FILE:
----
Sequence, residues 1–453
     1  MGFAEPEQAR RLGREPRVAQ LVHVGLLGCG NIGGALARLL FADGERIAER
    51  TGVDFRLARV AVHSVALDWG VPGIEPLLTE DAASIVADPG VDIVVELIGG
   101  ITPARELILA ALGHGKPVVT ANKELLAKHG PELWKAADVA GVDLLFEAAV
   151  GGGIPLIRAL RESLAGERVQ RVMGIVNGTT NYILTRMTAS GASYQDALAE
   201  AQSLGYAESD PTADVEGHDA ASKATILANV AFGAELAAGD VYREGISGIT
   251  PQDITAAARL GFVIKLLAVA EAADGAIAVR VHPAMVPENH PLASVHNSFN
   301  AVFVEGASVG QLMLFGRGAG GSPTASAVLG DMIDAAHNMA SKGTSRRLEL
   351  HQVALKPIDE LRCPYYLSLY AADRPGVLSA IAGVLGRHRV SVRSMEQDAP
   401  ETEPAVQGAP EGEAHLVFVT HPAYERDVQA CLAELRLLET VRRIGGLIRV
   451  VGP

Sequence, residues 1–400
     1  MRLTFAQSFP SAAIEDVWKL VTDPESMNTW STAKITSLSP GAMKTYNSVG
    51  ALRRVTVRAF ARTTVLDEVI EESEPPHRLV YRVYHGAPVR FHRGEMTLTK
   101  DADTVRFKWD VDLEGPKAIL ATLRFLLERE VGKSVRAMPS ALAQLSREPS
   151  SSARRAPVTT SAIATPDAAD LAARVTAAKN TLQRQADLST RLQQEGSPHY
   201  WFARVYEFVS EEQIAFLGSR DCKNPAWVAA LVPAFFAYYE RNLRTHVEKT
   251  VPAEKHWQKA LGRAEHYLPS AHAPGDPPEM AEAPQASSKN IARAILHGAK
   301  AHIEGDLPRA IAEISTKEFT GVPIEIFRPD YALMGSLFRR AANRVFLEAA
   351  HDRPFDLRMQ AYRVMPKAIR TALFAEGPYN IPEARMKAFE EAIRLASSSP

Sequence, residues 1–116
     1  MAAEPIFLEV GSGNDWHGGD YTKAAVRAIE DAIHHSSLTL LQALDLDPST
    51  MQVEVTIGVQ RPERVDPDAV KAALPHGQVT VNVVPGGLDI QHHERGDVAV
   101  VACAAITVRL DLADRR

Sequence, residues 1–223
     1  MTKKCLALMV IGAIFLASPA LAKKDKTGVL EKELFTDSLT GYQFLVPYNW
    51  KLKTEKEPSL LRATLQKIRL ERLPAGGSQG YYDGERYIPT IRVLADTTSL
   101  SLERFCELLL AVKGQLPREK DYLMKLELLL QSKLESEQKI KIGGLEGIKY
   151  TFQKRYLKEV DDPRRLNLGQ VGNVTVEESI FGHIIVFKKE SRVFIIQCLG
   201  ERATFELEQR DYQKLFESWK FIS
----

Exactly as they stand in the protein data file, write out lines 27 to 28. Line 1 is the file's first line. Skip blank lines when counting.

    51  KLKTEKEPSL LRATLQKIRL ERLPAGGSQG YYDGERYIPT IRVLADTTSL
   101  SLERFCELLL AVKGQLPREK DYLMKLELLL QSKLESEQKI KIGGLEGIKY